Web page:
if I don’t pick up faster he shall send me to Weir

Mitchell in the fall.” But she took that as a threat

since he was even more domineering than her husband and

brother. Her friend was under his care at one time and

was telling her terrible stories about the place.

Not only does he fail to get her help, but by keeping

her virtually a prisoner in a room with nauseating

wallpaper and very little to occupy her mind, let alone

offer any kind of mental stimulation, he almost forces her

to dwell on her problem. Prison is supposed to be

depressing, and she is pretty close to being a prisoner.

Perhaps if she had been allowed to come and go and do

as she pleased her depression might have lifted: “I think

sometimes that if I were only well enough to write a

little it would relieve the press of ideas and rest me.”

(Gilman 169) It seems that just being able to tell someone

how she really felt would have eased her depression, but

John won’t hear of it. The lack of an outlet caused the

depression to worsen: “. . . I must say what I feel and

think in some way — it is such a relief! But the effort

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is getting to be greater than the relief.”

Meanwhile her reaction is to seek to prove him wrong.

“John is a physician, and perhaps . . . perhaps that is

one reason I do not get well faster. You see he does not

believe I am sick! And what can one do?” (Gilman 165).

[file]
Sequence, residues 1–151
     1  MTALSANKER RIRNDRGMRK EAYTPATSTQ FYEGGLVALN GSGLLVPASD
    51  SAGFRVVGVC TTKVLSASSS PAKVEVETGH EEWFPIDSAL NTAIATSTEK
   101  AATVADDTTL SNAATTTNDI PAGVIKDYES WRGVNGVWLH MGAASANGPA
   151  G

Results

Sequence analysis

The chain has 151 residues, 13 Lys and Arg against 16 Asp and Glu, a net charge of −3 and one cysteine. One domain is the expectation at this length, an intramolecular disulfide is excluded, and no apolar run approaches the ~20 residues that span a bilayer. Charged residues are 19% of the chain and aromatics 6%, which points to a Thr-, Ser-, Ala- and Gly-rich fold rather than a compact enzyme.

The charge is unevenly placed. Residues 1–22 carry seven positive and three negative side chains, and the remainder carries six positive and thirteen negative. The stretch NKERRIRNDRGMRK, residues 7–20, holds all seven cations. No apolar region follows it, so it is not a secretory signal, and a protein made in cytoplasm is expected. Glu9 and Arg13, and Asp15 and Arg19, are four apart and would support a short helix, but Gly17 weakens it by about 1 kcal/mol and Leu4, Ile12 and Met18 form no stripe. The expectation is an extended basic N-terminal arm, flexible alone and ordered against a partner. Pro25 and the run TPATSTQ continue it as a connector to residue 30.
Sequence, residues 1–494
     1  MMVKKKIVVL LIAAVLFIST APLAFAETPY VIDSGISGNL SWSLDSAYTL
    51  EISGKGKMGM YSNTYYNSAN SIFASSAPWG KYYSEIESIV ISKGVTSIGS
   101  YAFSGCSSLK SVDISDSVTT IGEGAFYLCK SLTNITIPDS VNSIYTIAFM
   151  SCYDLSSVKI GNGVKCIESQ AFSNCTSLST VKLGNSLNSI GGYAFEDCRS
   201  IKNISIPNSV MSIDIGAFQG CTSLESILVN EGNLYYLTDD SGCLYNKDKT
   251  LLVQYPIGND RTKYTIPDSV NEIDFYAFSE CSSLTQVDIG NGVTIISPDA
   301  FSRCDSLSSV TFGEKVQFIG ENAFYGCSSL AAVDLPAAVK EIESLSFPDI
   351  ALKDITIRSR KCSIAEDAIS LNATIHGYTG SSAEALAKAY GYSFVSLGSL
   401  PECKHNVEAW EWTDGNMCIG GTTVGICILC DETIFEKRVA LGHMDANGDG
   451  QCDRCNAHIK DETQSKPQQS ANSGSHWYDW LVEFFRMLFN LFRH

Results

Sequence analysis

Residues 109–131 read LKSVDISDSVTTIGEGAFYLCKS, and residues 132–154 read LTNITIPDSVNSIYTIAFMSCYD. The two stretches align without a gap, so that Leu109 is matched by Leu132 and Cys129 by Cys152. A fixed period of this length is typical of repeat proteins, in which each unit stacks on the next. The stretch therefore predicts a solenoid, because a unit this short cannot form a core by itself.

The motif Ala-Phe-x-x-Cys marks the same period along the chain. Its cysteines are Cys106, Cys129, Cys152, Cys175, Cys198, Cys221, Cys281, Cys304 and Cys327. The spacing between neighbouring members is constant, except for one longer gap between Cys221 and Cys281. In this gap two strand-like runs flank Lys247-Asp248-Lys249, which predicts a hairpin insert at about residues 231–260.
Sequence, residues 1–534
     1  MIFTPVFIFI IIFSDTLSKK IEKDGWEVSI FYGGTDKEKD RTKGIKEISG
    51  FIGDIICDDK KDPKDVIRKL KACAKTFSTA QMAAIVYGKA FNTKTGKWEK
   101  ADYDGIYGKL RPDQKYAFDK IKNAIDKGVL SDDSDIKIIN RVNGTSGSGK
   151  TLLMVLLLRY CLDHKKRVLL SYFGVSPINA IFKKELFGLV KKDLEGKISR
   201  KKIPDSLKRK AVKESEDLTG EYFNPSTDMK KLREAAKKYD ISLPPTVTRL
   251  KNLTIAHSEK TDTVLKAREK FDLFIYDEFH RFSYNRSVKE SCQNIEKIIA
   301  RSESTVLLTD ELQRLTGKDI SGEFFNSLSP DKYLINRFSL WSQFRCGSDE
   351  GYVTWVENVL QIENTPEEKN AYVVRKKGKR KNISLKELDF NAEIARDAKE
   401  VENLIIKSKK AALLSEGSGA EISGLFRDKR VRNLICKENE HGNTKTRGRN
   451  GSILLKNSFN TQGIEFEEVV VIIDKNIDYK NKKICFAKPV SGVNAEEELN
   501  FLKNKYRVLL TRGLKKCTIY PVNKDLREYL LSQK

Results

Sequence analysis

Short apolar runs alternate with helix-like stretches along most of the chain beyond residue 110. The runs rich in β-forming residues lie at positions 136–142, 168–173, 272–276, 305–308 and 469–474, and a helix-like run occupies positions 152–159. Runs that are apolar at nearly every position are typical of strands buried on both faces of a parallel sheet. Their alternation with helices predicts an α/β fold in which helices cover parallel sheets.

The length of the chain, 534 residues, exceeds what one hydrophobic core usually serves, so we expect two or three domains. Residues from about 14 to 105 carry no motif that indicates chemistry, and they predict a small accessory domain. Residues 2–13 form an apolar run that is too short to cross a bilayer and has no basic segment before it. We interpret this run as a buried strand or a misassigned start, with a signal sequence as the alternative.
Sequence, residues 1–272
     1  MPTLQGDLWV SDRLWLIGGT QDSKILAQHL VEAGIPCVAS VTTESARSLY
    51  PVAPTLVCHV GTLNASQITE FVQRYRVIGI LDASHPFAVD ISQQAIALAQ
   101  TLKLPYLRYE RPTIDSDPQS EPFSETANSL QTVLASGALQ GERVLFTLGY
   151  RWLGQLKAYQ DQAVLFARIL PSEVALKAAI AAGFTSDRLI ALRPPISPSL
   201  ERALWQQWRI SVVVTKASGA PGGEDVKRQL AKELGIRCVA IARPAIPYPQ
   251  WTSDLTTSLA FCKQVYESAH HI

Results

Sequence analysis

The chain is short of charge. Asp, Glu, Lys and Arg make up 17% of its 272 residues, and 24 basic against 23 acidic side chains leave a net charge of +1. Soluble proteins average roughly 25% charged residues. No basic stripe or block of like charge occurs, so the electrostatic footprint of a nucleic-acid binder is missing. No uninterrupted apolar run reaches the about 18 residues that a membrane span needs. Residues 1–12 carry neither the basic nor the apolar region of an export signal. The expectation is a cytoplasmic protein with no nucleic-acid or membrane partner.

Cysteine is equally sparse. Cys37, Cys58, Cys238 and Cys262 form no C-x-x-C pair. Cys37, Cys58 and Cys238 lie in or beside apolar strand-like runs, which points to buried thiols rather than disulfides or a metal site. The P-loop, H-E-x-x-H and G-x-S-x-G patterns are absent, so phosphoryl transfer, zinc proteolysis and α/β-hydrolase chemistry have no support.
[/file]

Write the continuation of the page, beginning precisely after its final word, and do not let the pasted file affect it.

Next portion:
It seems to me that while putting on an appearance of

submission she was frequently rebelling against her

husband’s orders. She writes when there is nobody around

to see her, she tries to move her bed, but always keeps an

eye open for someone coming. This is obvious throughout

the story.

It also seems to me that, probably because of his

oppressive behavior, she wants to drive her husband away.

“John is away all day, and even some nights when his cases

are serious. I am glad my case is not serious!” (Gilman

167). As her breakdown approaches she actually locks him

out of her room: “I have locked the door and thrown the

key down into the front path. I don’t want to go out, and


don’t want to have anybody come in, till John comes. I

want to astonish him.” (Gilman 179). I see no reason for

this other than to force him to see that he was wrong,

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and, since she knew he couldn’t tolerate hysteria, to

drive him away.

At the end of the story she goes completely nuts and

wants to be locked in the room so that she can free the

woman from the bared walls. She wants to be kept inside

the room because outside you have to creep around and

everything is green instead of yellow. So she continues

to creep along the walls dragging her shoulder so that she

does not loose her way around the room. When her husband

sees what she is doing and faints, she gets mad

because he is in the way of her path and she has to creep

over him.

The ending quotes just go to show how messed up she

really is, “I’ve got out at last,” “in spite of you and

Jane. And I’ve pulled off most of the wallpaper, so you

can’t put me back!” (Gilman 180)Overall I thought the

story was most interesting but slightly odd. It is

truly original and I have never read a story like it.

It just goes to make you think what kind of state of mind

Gilman was in when she wrote it.

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Gilman, Charlotte Perkins. “The Yellow Wallpaper.” 1892.

Handout from English class. Pages 165-180